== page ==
Genesis of the CDF
For the uninitiated, the CDF is a (relatively small) budgetary allocation to each constituency over which the MP exercises a high level of discretion. There is a unit in the Office of the Prime Minister (OPM) charged with passing and overseeing the projects submitted by MPs.
Take the example of Ms Nutten-Nah-Gwaan in her new house. The MP's staff would have submitted a project to build her a house, which would have been vetted by the unit at OPM, and then funds would have been disbursed for the project. From one perspective, I suppose this is classic 'pork'. From another perspective, if the MP can't achieve something as simple as direct poor relief, what use does he or she have?
I'm sceptical about the CDF, but for a reason mentioned but not developed in the editorial. My problem is, notwithstanding Ms Nutten-Nah-Gwaan, the patronage gives incumbents a taxpayer-funded advantage over any rival and, therefore, throws a wrench into the competitive political process.
But I also understand that the predecessor of the CDF, the Social and Economic Support Programme, was born out of MPs' frustration with bureaucracy. MPs were rubbing out the knees of their trousers because of genuflecting so much before the governmental mandarins. Instead of fixing the problem, they created a bypass.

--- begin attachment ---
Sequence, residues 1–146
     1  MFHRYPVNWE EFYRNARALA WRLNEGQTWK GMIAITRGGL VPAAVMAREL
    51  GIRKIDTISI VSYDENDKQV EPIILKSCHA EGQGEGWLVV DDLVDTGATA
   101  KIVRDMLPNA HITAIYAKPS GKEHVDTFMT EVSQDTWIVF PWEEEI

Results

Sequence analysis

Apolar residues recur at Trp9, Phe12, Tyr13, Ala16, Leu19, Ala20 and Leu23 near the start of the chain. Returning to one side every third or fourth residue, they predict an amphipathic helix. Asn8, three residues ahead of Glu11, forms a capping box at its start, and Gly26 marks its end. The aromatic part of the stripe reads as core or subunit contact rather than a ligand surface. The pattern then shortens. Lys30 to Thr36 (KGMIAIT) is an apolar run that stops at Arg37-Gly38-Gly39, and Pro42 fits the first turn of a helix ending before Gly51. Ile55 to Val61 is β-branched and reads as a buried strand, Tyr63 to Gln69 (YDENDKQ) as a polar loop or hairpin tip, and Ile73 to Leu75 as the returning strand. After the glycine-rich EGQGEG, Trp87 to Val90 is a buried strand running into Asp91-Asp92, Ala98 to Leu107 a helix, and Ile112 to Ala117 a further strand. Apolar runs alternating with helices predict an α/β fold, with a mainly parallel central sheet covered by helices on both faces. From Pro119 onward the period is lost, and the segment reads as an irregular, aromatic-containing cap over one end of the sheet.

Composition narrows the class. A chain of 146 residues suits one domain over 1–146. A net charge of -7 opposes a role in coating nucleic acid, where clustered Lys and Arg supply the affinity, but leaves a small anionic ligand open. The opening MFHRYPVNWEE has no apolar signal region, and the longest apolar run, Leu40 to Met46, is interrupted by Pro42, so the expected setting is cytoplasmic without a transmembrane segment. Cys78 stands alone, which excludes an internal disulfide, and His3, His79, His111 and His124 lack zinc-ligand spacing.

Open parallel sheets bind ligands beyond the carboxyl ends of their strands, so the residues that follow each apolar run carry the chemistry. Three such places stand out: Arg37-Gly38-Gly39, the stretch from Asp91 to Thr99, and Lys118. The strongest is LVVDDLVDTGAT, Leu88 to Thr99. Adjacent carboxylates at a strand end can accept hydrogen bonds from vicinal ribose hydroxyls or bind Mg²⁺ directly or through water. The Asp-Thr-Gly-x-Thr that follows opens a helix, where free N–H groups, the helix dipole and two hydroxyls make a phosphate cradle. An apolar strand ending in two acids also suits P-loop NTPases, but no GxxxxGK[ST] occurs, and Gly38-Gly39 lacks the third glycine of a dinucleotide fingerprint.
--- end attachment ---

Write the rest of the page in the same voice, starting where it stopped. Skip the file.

So when The Gleaner complains that "programmes like the CDF help to erode the independence of the professional bureaucracy and legitimises the usurpation of its authority by the political executive", there is a lot of truth to it. But it is not veniality or swinishness that gives the CDF uniform support among the people's representatives.
I think the voting public would be shocked by the view that their MP ought not to have the authority to choose and implement projects. Ask them! It doesn't settle the matter, as the majority may demand things that are inimical to good government. But it certainly isn't irrelevant that voter expectation is diametrically opposed to the editorial campaign. To John Public, it is not Mr Brown's view that would seem exotic and untethered to reality.
Educating citizens about legitimate expectations and devising solutions to government rigidity and unresponsiveness are complex problems. Ultimately, the CDF is a relatively efficient but admittedly troubling way that electoral representatives respond to citizen demands. As such, my sense is that it's too soon to rip young Arnaldo into Brown bacon-bits for defending his ability to deal with genuine pressures.
Rather, the short-term solution is to fix the "cursory oversight of a lax unit and broad permissiveness of a parliamentary committee". The longer-term solution is an overhaul of a largely unresponsive bureaucracy. For with a meaningful expansion of the Programme of Advancement Through Health and Education, and a thoroughgoing reform of the public service, much of the rationale for the CDF would wither away.
Daniel Thwaites is a partner of Thwaites, Lundgren & D'Arcy in New York, and currently qualifying for the Jamaican Bar. Email feedback to firstname.lastname@example.org.